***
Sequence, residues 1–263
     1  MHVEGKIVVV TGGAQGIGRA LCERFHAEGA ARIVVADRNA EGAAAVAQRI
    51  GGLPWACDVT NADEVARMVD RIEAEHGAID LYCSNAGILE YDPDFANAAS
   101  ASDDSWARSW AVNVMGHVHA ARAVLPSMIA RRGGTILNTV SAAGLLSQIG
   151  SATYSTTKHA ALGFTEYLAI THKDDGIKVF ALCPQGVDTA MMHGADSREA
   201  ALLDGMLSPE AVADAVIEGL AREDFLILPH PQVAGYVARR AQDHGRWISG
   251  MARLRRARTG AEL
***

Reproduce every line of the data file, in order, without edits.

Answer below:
Sequence, residues 1–263
     1  MHVEGKIVVV TGGAQGIGRA LCERFHAEGA ARIVVADRNA EGAAAVAQRI
    51  GGLPWACDVT NADEVARMVD RIEAEHGAID LYCSNAGILE YDPDFANAAS
   101  ASDDSWARSW AVNVMGHVHA ARAVLPSMIA RRGGTILNTV SAAGLLSQIG
   151  SATYSTTKHA ALGFTEYLAI THKDDGIKVF ALCPQGVDTA MMHGADSREA
   201  ALLDGMLSPE AVADAVIEGL AREDFLILPH PQVAGYVARR AQDHGRWISG
   251  MARLRRARTG AEL